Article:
Emma Ruth Rundle & Thou
The Helm of Sorrow
The collaboration between Emma Ruth Rundle and Thou might have produced, in May Our Chambers Be Full, one of 2020’s more unexpected releases, but it was also one of its best. On paper, Rundle’s brooding ambient-folk and Thou’s sludge/doom metal don’t seem like particularly compatible bedfellows, but it actually worked incredibly well—first as a live experiment and now on record. Though quiet and contemplative, Rundle’s music has always been shrouded in the same kind of darkness that Thou’s hellish, grotesque brand of metal thrives in. Combined, it made for a stunning, relentlessly bleak exploration into the catacombs of human existence.
The four songs on The Helm of Sorrow were recorded at the same time as the full-length and were actually included as part of the Diehard Edition vinyl release, and are now being presented as their own distinct volume. The title tells you exactly what to expect—here are some more mournful explosions of existential tragedy and aggressive solemnity that transcend genre while staying true to the roots of both artists.
Opener “Orphan Limbs” starts quietly, a hushed whisper of ambience that sees Rundle’s vocals take on an almost Patti Smith–esque timbre that floats above some gentle, if ominous, guitar. Just as the song has lulled you into a false sense of security about its composition, however, it gains pace, the gentle, hallowed acoustics rupturing into a combination of pure evil and desperation. Rundle’s voice is joined by the demonic snarl of Thou’s Bryan Funck, and both scream as if trying to purge themselves of whatever malevolent force has possessed them. Conversely, “Crone Dance” starts off at the harsher end of the melodic spectrum before being tempered and tamed for the slow drone sludge of the last thirty seconds.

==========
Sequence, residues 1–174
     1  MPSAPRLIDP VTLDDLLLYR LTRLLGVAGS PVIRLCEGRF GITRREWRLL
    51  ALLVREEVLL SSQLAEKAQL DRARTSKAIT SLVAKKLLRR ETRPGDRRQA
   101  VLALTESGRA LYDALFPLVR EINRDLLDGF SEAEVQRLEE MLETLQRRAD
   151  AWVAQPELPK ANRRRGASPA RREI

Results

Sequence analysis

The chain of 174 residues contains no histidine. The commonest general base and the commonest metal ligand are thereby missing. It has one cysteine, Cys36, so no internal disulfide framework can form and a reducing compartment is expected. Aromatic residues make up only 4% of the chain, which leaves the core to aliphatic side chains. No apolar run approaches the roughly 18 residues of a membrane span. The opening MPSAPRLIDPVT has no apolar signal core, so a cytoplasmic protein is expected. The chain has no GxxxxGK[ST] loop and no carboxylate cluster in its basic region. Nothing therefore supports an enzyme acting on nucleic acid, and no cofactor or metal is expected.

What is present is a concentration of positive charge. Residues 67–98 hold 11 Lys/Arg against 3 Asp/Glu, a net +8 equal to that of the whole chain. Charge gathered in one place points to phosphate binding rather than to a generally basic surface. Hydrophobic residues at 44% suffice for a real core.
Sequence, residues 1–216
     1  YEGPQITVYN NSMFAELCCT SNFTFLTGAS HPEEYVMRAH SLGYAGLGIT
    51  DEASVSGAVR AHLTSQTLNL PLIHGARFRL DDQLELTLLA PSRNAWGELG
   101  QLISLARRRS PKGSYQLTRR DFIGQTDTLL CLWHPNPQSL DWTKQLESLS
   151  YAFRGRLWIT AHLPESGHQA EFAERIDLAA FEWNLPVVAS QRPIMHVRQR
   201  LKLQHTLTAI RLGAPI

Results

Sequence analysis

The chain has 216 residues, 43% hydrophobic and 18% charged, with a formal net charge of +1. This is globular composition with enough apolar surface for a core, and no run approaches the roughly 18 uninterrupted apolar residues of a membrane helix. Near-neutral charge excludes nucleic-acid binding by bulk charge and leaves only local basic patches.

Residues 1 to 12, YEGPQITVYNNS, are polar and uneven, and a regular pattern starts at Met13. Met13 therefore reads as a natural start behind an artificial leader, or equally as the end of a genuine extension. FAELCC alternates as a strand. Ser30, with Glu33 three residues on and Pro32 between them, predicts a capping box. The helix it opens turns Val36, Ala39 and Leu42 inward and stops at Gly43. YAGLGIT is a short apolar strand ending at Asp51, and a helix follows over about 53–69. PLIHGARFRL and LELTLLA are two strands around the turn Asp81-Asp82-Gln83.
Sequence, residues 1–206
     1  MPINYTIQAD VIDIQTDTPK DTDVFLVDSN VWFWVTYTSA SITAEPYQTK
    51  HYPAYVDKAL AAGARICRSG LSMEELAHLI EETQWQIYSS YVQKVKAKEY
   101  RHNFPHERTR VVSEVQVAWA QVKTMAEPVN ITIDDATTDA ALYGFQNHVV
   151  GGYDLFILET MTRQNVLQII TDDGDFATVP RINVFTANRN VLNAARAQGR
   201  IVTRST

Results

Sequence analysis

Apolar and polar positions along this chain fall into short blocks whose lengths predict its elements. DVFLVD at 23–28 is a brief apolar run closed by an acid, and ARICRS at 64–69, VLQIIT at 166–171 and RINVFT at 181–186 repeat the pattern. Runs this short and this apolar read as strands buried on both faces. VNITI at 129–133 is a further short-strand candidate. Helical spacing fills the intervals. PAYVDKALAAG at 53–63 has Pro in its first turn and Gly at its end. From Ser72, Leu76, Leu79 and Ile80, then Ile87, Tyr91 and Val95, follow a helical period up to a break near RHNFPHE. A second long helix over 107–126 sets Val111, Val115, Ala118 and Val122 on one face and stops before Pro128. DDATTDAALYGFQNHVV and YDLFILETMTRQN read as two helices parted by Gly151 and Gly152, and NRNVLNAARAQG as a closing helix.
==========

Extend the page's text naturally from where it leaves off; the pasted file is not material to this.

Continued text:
Just as it did on the full-length, it’s that opposition—and apposition—that works so well here, either within the songs themselves or between them. While it’s largely absent from third track “Recurrence,” a snarling, relentless behemoth of a song, its fire and fury is in stark contrast to final song “Hollywood”—a much more melodic offering that’s a more morbid, dismal version of The Cranberries’ original with added death growls at moments. It is, bizarrely, as catchy and melodic as it is belligerent and inaccessible, but therein lies the beauty. Even if your inherent bias tells you this isn’t for you, don’t listen to your gut—you might be (un)pleasantly surprised.